Ever since the Tesla Roadster became a thing around fifteen years ago, it became the dream car for myself and many other nerds. Not only was it the hot rod that you’d see inside lockers and on bedroom walls years ago, but it was also one of the coolest pieces of forward-thinking green tech. The original Roadster of course was a bit out of reach with a hefty price tag, but Elon Musk and Tesla always intended it to be the way to forge the path for more affordable electric vehicles years down the line.
Years later, that day is almost here. After going through a few more models and ironing out production kinks, Tesla has become a company that makes Ford and GM shake in their boots with the recent success of their Model 3. It isn’t exactly comparative yet with entry model gas-powered sedans, but it’s close enough to start to consider it and do some homework. I’ve been doing just that over the last month, and below is what I’ve learned about it so far.
This is the first step to consider when looking at any Electric Vehicle (EV). Are you going to be able to get enough miles out of a full charge for your trip? How will you charge it back up after a trip or commute? For most people in an area like Madison County who want to use it as an everyday driver, the answers are probably pretty satisfying.
The base standard range Model 3 gets a little over 250 miles off of a single charge. This could roughly get you from Huntsville to Nashville and back with a few miles to spare. And even if your daily commute is a 50 mile round trip, you’re still good for the whole work week off a single charge.
The one trick is home charging. With the base cable that comes with a Tesla, you get around 3 or so miles per hour of charge. So say you leave it parked and plugged in the garage overnight, you’d get around 30 miles off of a ten hour charge. This is a little slow, but there’s two options to consider. For around $500, you can get a home supercharger that can do the job much quicker. Or if you don’t mind topping off in town, there are a few superchargers at places like Stovehouse or Bridge Street that can top it off. You can find places to do this at a cool site called PlugShare, which will show you where these charging locations are.
For most people, the charging situation isn’t an issue. But a select few could find it to be a small problem, so it is worth looking into.
This past month, I went with some friends to visit the Tesla dealership in Franklin, Tennessee just south of Nashville. The shop is pretty cool and has the same kind of vibe as an Apple store, just as you’d expect. Their team is helpful and informative without being pushy or traditional salespeople, so it’s a fun visit.
Of course, one of the biggest reasons to stop by is to test drive a Tesla yourself. My friends and I tried out a Model 3 for about a half hour and took about a ten mile loop up I-65 and around Franklin.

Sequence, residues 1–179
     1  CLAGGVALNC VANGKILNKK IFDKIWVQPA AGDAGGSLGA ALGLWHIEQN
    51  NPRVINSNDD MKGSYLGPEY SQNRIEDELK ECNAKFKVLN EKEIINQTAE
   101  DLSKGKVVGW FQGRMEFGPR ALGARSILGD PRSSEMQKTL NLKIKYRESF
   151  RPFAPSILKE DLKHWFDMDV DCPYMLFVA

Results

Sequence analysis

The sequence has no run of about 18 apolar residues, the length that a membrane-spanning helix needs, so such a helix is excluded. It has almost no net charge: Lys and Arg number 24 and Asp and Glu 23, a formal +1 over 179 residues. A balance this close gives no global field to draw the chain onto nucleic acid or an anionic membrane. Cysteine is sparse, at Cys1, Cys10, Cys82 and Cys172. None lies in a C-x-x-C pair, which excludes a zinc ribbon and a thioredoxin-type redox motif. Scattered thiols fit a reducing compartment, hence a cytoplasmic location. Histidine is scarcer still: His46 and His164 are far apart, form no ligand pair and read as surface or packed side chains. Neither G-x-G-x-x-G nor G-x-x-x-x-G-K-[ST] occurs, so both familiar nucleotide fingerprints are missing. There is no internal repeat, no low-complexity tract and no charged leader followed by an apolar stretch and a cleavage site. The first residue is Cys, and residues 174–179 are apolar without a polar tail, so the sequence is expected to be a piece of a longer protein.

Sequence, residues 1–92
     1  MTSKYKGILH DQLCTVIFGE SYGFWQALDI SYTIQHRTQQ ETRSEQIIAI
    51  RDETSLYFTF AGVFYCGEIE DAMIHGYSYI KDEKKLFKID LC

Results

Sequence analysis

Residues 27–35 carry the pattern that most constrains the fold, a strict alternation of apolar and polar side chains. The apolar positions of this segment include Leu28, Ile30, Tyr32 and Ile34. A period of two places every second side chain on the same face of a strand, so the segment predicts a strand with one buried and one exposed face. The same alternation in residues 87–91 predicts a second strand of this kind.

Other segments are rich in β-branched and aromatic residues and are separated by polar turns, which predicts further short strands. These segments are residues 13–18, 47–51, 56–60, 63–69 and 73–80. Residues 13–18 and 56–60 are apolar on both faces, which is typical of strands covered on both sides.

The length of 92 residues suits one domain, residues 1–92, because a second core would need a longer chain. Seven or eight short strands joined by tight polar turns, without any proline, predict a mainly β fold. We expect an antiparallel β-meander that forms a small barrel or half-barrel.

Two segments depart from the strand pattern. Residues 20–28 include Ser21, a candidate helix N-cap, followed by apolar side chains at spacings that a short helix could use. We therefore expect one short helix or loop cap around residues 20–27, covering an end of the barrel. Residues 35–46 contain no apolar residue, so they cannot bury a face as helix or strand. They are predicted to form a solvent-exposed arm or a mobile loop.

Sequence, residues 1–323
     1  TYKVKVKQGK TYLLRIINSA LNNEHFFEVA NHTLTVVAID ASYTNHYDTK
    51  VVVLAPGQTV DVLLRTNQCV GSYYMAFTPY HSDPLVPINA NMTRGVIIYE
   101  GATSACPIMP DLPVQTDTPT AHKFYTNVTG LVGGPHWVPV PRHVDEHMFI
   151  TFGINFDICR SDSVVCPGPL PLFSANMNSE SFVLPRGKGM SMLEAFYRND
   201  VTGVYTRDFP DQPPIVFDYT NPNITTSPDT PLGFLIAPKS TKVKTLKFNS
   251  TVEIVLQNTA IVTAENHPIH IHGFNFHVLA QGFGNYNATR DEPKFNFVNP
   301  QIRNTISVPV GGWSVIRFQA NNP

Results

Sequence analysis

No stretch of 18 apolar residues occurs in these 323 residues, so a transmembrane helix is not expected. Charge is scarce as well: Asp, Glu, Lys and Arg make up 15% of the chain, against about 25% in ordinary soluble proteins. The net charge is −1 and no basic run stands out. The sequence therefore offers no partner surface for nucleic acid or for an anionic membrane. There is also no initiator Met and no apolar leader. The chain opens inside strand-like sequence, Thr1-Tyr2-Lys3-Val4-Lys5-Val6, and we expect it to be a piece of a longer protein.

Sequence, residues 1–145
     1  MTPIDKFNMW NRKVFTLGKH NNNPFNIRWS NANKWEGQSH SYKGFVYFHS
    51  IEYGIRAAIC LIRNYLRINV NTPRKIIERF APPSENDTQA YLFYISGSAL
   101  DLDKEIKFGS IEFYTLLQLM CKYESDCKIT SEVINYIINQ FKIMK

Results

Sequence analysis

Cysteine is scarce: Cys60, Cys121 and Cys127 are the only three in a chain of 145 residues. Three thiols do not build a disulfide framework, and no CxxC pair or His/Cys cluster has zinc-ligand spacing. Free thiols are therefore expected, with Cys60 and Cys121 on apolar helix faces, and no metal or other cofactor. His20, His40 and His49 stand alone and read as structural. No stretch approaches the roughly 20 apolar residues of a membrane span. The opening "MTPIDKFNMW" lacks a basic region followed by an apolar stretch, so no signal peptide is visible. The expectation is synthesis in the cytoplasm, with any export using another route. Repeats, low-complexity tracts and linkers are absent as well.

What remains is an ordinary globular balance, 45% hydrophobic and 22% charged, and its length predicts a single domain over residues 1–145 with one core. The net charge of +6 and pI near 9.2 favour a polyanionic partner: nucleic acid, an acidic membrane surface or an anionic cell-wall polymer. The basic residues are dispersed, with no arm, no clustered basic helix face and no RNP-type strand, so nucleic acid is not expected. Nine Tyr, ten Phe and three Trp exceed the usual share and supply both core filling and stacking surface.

I’m not going to lie, I fell in love with the thing. It has three different settings that gives you different performance feedback, so just to get a feel for it I went for the middle option. Even with it, pressing on the “gas” feels like you’re accelerating on a roller coaster. The turning feels responsive and fantastic as well. But of course what most people are interested in is the autopilot. It takes a moment to trust, but once you do, it’s mindblowing. Some other cars with lane assist features feel as if they’re bounding around from line to line in your lane, but the Tesla feels as if the AI in a video game just took over for you.
The big indicator for me that the Tesla is extremely safe is that the insurance rates for it seem to not be nearly as expensive as you’d think. I was shocked to discover from my insurance agent that I could keep my same levels and only pay about fifteen bucks more a month. Considering I drive a thirteen year old car that’s a few steps away from a beater, I was overjoyed to discover this.
This is all possible because the Tesla has some of the best safety ratings in the auto business. I won’t pretend to know all the details, but many publications that I know to be trustworthy have given that aspect of it rave reviews.
If you want one, you know this is the biggie. The Model 3 in particular has a screen the size of a giant iPad that basically takes care of everything. It’s your gauges, it’s your controls, it’s even Netflix if you want it to be.
The only problem with the screen and the tech overall is that it’s pretty intimidating and has a high learning curve. There’s so many menus and submenus that it takes a long time to get the feel of where everything is. If you’re driving one for the first time, you’re going to feel lost. It took me a good solid five minutes just to figure out how to adjust the rear view mirrors.
Once you get past that though, it’s of course amazing. You can do everything from view the multiple camera angles to make the car fart when you use the horn or turn signal (yes, really).
After around a month of research and a test drive or two, I’m as close to sold on the Model 3 as anybody could be. It’s of course a big investment, but one that is very likely to pay off as the auto industry is moving closer to full emission-free EV slates in the coming decades. Companies like Ford and VW are chasing Tesla with pretty cool and relatively affordable options, but it’s hard to not go with the OG that has been in the game for around fifteen years at this point. Especially now that the Model 3 has fixed all production issues and has kept the price reasonably within reach.
For many Huntsvillans like myself, right now might not be the best time to buy. A potential EV tax credit is on the way, and many of us are continuing to work from home for the time being. But once both of those things come into more focus in the latter part of 2021, it might be time to let Elon take the wheel.